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Homework Help: Solving Exponential Equations

  1. Aug 21, 2008 #1
    1. The problem statement, all variables and given/known data
    Solve the following:
    Question 1:


    Question 2:


    2. Relevant equations
    None that I am aware of.

    3. The attempt at a solution
    Question 1:


    Question 2:





    Sorry that the attempt for question 1 was lacking so much, I was just unsure of what to do with the square roots etc...As for number 2, the answer I got is incorrect, when it says that the answer in the back of my text book is 7.

    Answer Key:
    Question 1:
    Question 2:

    Thanks to everyone who helps.
  2. jcsd
  3. Aug 21, 2008 #2


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    For #1 you almost have it... just express the fifth root of 2^8 as 2 raised to some power, then use the fact that 2^a / 2^b = 2^(a-b).

    For #2 just check your numbers again. -6 -24 = -30. 12 + 30=42.
  4. Aug 22, 2008 #3

    Two things that is helpful to know:

    [tex]\sqrt[a]{n^b} = n^{ \frac{b}{a} } [/tex]


    [tex] \lg{\frac{a}{b}} = \lg{a} - lg{b} [/tex]

    You don't need the logarithm in this case though, since all your numbers are factors of two.

  5. Aug 22, 2008 #4
    Ok thanks, I realized what I had done wrong for number two earlier today but I didn't know the rule about number one. I'm just starting into the logarithms so things should start becoming more familiar as well. Thank you.
  6. Aug 23, 2008 #5


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    Well, how about these:
    [tex]^n\sqrt{a}= a^\frac{1}{n}[/tex]
    [tex](a^n)^m= a^{mn}[/tex]
    [tex]a^m\div a^n= a^{m-n}[/tex]

  7. Aug 23, 2008 #6
    Yes sorry I should've added those (the ones I used). I have another question though, I don't know what to do when adding two variables with exponents, for example what would something like this become:




    I couldn't find it on the internet and I don't remember what to do in this case...
  8. Aug 23, 2008 #7


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    There is no rule for adding different powers of the same base. That is exactly why polynomials are written as they are.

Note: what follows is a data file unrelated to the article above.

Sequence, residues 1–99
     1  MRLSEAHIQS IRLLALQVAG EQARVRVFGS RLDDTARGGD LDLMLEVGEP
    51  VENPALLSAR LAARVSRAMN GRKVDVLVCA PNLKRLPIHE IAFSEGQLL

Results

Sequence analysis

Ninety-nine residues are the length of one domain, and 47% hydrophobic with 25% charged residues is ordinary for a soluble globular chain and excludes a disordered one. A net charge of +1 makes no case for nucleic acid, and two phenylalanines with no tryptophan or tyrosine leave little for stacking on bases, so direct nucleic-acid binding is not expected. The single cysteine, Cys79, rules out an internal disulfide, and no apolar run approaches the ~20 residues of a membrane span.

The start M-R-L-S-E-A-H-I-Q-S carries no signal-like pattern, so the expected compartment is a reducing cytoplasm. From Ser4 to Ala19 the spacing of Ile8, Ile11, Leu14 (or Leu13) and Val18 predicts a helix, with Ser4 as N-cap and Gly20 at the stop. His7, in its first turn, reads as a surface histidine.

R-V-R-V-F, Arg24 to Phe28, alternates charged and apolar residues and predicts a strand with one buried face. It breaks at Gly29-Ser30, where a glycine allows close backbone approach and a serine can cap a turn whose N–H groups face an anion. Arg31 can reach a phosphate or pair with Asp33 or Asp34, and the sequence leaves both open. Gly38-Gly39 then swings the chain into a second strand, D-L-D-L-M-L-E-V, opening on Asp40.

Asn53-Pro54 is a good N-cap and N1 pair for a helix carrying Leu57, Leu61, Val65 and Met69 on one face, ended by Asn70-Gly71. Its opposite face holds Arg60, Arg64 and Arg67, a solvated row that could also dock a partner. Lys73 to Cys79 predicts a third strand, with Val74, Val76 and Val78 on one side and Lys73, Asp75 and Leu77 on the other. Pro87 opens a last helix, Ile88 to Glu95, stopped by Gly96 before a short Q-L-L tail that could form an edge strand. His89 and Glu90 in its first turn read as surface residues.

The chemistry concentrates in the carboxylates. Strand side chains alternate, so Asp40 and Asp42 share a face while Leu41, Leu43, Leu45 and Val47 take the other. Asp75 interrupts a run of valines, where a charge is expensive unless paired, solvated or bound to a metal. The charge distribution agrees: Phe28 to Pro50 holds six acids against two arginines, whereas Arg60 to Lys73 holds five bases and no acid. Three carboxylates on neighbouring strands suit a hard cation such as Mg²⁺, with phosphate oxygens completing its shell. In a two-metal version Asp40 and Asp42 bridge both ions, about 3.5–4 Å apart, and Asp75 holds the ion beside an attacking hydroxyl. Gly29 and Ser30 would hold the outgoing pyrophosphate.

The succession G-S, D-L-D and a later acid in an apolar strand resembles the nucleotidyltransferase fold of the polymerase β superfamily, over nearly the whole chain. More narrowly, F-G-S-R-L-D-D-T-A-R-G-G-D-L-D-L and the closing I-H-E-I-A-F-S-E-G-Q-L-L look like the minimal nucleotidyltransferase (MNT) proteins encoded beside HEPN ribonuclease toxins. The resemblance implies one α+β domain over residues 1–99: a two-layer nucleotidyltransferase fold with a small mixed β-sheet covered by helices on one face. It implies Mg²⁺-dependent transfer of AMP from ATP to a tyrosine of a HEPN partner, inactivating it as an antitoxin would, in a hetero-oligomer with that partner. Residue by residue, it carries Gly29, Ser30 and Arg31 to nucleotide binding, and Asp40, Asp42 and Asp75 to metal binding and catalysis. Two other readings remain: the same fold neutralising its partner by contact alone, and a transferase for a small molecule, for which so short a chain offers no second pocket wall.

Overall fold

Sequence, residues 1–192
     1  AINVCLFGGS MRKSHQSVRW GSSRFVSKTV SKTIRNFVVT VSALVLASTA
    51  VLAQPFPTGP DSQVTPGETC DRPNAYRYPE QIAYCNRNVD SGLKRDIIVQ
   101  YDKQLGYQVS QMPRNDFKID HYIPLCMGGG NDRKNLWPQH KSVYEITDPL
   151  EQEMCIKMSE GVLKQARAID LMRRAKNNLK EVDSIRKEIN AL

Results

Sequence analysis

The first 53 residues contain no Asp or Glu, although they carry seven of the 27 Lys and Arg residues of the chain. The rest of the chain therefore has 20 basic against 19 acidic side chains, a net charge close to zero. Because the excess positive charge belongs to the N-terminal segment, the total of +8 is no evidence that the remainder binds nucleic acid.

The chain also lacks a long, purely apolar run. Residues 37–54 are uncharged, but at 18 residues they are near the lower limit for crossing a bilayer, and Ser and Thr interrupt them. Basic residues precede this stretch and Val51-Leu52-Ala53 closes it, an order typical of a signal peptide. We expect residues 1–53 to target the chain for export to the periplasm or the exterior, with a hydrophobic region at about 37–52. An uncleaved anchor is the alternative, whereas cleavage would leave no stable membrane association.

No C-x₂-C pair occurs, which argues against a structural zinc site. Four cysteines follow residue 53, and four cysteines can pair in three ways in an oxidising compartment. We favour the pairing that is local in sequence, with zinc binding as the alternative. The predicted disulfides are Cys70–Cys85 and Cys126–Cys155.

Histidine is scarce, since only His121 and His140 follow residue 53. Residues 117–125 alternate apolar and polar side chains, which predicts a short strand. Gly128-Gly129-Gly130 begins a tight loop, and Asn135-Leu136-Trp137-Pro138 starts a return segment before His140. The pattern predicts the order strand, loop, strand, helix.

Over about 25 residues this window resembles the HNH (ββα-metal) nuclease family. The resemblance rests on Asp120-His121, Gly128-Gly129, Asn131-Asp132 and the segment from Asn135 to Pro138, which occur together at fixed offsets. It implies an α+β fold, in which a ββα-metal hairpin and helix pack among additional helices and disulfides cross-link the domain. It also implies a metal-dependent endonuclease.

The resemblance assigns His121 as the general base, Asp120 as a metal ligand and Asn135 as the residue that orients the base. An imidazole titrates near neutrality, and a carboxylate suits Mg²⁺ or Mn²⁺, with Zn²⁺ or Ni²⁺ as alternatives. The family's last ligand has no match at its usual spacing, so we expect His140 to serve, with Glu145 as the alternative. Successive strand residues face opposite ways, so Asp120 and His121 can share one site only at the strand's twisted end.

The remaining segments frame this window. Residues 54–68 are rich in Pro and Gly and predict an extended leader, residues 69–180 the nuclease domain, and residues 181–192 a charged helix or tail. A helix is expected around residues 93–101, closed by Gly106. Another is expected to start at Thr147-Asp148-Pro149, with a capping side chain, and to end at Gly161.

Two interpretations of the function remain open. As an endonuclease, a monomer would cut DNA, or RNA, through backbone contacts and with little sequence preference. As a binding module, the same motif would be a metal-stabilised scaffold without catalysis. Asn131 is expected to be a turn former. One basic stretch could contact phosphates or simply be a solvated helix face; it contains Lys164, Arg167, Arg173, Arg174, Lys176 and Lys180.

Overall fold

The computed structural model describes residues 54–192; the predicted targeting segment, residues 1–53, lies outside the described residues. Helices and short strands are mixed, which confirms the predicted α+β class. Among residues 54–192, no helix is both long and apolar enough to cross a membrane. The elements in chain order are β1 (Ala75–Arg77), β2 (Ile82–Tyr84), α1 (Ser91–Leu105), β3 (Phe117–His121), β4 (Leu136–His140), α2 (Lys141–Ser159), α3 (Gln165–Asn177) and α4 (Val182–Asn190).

9. Aug 23, 2008 #8
    Ok I've tried so many things and I can't seem to figure out these two questions. Here they are:

    Question 3:


    Question 4:


    My work is a mess as I have tried so many variations which are probably way off course.
  10. Aug 23, 2008 #9


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    you can write 2^(x-1) as 2^x*2^(-1)
    Thus you can factor the LHS, and isolate 2^x. Question 4 should be similar.
  11. Aug 23, 2008 #10
    Can you explain what you mean? So it would become:


    But I can't really combine the like terms ([tex]2^{x}[/tex]), can I? Because isn't the first one considered "attached" to the second one? ([tex]2^{x} and 2^{-1}[/tex])

    And for the second question:




    I'm not sure what to do from here...maybe I'm already wrong?
  12. Aug 24, 2008 #11


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    You can write this as

    Now write the term in the parentheses as 2 to some power, and you should be all set.
  13. Aug 24, 2008 #12
    So it's:


    But seeing as the answer in the back says no solution, I'm assuming it's not possible to solve this with a negative base seeing as the rest are positive? (2 and -2)
  14. Aug 24, 2008 #13


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    Right. You have 2^x = (some negative number). There is no value of x for which this is true, as 2^x is always positive. (I should have noticed this earlier, but didn't think of it for what ever reason)
  15. Aug 24, 2008 #14
    Oh ok that makes sense, with the other question (question 4) I know how to go about it now but how do I establish a common base between 3 and 36?
  16. Aug 24, 2008 #15
    Actually I'll just show my work for now so you can see the progress I've made so far:



    Ok nevermind I thought I had an idea but I'll leave this up for reference.
  17. Aug 24, 2008 #16


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    And 3+1= ?

  18. Aug 24, 2008 #17

    Well its obvious that x is 2 but how do I do that algebraically...I can't go [tex]12^{x}=36[/tex] because x=2 wouldnt work...This probably looks like such a dumb question I just can't figure out how to get a common base...Can I go:



    Does that make sense?
  19. Aug 24, 2008 #18


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    Yes that makes sense.
  20. Aug 24, 2008 #19
    Oh ok thank you, I just didn't know you could have a base with two separate numbers.
  21. Aug 25, 2008 #20
    leave the left hand side as it was (from the start) change right hand side to
    [tex]3*3^{2}[/tex] note this is equal to 36
    now all the bases are the same and they can cancel/disapear (index laws)
    so now you have
    and i'm sure you can go from here
  22. Aug 25, 2008 #21


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    A fairly obvious way to solve 3x(4)= 36 is to first divide both sides by 4: 3x= 9.
  23. Aug 25, 2008 #22
    That is equal to 27 and not 36 (3 x 9) so it doesn't work out.

    Oh ok thanks that makes sense.
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